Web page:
RPG Evolution: What If the D&D Movie is a Hit?

Like, a really big success?

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The Big Bet​

It's become clear that the Dungeons & Dragons brand has transformed in the eyes of Hasbro from a product that didn't merit much attention to a tentpole merchandising machine that's a lynchpin of Hasbro's brand playbook.

I've covered the battle over the movie's rights elsewhere in detail, but what's most relevant to this discussion is that somewhere along the line, it was decided the movie property was much more valuable than it had been in the past. Valuable enough to go to court over it.

Hasbro's always wanted to mimic Disney's success with Marvel's intellectual properties. Given that Hasbro was particularly concerned about Disney using the Open Game License, it seems the game company feels they're going to be successful enough in the brand space to be a competitor.

All this adds up to Hasbro betting big on the movie and treating it like it will be a success, well before the movie is even released. But what makes a film successful?

The Right Ingredients​

According to a study published in the Journal of the Academy of Marketing Science:
Star power, acting expertise, rousing reviews and public ratings are all key factors that influence our decision to see a movie. Researchers from UTS, HEC Montreal and the University of Cambridge compared these factors across 150 studies to boil down the formula for box office success.
The D&D movie's star power is certainly higher than any other D&D-themed movie released to date. It will feature Chris Pine as bard Edgin davis (Wonder Woman) and Michelle Rodriguez as barbarian Holga (F9) in the lead roles. Justice Smith (Detective Pikachu) as sorcerer Simon, Regé-Jean Page (Bridgerton, The Grey Man) as paladin Xenk, Hugh Grant (Paddington 2) as rogue Forge, and Sophia Lillis (IT) as druid Doric. Additionally, Chloe Coleman (Big Little Lies), Jason Wong (Strangers), and Daisy Head (Shadow and Bone). Test screenings have been positive too:
...the thing that we learned the most from our test screenings was that it really appealed, not just to D&D fans, [but] people that had no idea what they were watching when they were going into the test screening actually were engaged, and they didn't think that they would be because it's a D&D movie, and it's got us not necessarily a stigma, but it has a lot of baggage attached to it in terms of what people expect out of it. I think that was like a pleasant surprise for a lot of people.
The D&D movie was advertised during the Super Bowl, which is another data point indicating the company's confidence in the movie. An average 30-second Super Bowl ad costs 7 million dollars. The movie itself $151 million (UPDATED, thank you for pointing this out!), with Chris Pine's salary pegged at $11.5 million.

Of course, reviews and public ratings will be determined after the box often returns are tallied.

And If It Does Well...​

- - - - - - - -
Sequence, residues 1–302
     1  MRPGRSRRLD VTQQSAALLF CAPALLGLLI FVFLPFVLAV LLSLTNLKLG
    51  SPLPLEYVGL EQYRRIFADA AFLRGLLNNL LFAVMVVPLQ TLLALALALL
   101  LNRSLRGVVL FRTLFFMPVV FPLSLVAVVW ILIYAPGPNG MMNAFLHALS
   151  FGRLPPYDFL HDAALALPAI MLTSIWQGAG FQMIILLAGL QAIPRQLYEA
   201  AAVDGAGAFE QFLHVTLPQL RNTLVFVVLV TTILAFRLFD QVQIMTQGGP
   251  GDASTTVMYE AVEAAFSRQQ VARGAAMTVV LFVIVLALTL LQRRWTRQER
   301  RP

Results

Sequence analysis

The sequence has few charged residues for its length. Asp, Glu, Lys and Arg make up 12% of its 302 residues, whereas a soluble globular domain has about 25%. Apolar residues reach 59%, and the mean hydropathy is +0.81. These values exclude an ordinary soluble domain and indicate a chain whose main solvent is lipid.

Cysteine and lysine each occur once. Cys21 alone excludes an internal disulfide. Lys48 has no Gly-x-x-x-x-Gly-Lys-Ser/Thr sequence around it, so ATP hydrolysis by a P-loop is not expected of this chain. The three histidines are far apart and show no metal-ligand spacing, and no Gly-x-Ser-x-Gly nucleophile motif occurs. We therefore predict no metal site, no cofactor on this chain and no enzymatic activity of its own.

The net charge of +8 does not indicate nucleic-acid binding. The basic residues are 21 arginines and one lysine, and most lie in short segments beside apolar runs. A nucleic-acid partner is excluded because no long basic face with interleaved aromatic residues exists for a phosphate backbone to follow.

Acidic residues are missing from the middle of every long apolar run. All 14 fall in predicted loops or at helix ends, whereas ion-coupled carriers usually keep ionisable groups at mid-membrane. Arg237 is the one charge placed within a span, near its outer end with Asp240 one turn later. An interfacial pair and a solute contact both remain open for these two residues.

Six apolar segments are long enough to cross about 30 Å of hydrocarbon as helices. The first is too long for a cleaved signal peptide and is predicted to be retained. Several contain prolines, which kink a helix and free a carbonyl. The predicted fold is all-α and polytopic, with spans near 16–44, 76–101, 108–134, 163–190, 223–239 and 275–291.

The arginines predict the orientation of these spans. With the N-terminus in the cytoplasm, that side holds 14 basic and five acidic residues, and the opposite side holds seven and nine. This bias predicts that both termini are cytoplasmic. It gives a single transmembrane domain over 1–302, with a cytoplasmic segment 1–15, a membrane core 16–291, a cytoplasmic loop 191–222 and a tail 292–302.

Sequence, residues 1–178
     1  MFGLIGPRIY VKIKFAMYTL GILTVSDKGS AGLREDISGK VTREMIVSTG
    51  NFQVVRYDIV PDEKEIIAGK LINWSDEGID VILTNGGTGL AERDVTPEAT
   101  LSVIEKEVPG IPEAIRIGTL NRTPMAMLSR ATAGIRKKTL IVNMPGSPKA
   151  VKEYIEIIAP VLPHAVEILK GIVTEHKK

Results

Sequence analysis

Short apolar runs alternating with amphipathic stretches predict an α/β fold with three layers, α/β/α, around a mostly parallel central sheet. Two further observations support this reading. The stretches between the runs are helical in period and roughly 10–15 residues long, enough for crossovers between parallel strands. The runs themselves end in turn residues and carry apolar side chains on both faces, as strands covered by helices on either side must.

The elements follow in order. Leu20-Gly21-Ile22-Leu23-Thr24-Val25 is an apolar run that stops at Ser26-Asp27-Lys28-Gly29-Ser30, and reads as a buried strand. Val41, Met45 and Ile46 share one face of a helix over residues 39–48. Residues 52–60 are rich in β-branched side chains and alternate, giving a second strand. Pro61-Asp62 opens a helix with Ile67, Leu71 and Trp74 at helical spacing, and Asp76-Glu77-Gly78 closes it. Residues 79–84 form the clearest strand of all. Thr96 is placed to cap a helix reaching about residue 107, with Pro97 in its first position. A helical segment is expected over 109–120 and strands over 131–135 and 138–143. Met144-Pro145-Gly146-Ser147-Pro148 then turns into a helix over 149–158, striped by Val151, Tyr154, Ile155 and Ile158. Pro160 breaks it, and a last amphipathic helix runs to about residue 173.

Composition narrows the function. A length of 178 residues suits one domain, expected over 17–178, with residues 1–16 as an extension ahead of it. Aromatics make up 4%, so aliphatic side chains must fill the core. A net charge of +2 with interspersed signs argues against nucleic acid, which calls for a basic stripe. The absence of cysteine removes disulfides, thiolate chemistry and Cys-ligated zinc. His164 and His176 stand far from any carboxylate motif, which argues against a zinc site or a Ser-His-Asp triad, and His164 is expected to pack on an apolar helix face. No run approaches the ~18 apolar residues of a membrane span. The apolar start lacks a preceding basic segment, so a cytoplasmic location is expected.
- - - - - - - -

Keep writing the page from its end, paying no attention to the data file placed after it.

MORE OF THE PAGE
After box office returns come in, the most immediate sign of the movie's success will be how much it earns. Estimates range between $100 to $120 million.

If the film clears the bar of making more money than it cost to produce and market, the outcomes will be familiar: sequels, spinoffs, and merchandising. That merchandising can take a lot of forms, from pencils to bookmarks, socks to blankets. D&D's already in these spaces, so it won't be a big stretch to brand specific creatures or characters from the film.

Of relevance to tabletop gamers is if any of this attention will result in more players. Hasbro seems to be following the Disney playbook, which means there isn't much cross-branding between the movies and the books that spawned them. While there are signs D&D tabletop gaming will reference the movie, it seems to be a one way street. Contrast this with DC's new strategy, in which they advertised the Flash comics that inspired the movie at the end of its Super Bowl spot.

The good news is even without specific tie-ins, D&D will likely get a boost. We can use the sometimes fraught relationship between Marvel movies and Marvel comics to understand if brand awareness drives readership. According to ComicBookHerald, we can expect anywhere from a 4.5x to 6x increase in sales of D&D-related books:
During non peak seasons (defined here as the first 14 days following a tentpole movie, or the month-long duration of WandaVision hype), the average views for the ‘Where to Start’ guide were 245 per day. During peak seasons, that total jumps to 1096 per day on average, a near 4.5x jump. And if we’re just looking at the Avengers movies, the average is closer to 1500 per day, a 6.1x increase.

Buckle Up!​

Between the legal wrangling, financial investment, and advertising dollars at stake, there's a lot riding on the D&D movie. The brand is about to be introduced to folks who have never played D&D but likely heard of it (thanks to streaming and Stranger Things) in a very big way.